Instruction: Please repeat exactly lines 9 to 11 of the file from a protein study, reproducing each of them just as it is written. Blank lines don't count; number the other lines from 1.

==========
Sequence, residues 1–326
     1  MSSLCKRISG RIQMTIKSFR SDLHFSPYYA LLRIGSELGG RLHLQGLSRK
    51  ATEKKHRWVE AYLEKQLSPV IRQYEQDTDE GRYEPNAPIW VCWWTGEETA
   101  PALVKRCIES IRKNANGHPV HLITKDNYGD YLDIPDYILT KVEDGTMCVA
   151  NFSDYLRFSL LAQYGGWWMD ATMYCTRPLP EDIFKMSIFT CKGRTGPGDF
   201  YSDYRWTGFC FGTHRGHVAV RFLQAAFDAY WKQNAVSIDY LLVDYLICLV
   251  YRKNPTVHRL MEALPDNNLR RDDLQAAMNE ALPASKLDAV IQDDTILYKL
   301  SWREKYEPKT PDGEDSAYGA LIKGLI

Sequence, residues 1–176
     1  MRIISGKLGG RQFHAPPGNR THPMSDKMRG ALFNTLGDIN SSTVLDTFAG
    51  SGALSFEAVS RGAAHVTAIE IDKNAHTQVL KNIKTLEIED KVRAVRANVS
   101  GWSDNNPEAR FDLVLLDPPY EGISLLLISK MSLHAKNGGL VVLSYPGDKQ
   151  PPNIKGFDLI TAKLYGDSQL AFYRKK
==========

Sequence, residues 1–176
     1  MRIISGKLGG RQFHAPPGNR THPMSDKMRG ALFNTLGDIN SSTVLDTFAG
    51  SGALSFEAVS RGAAHVTAIE IDKNAHTQVL KNIKTLEIED KVRAVRANVS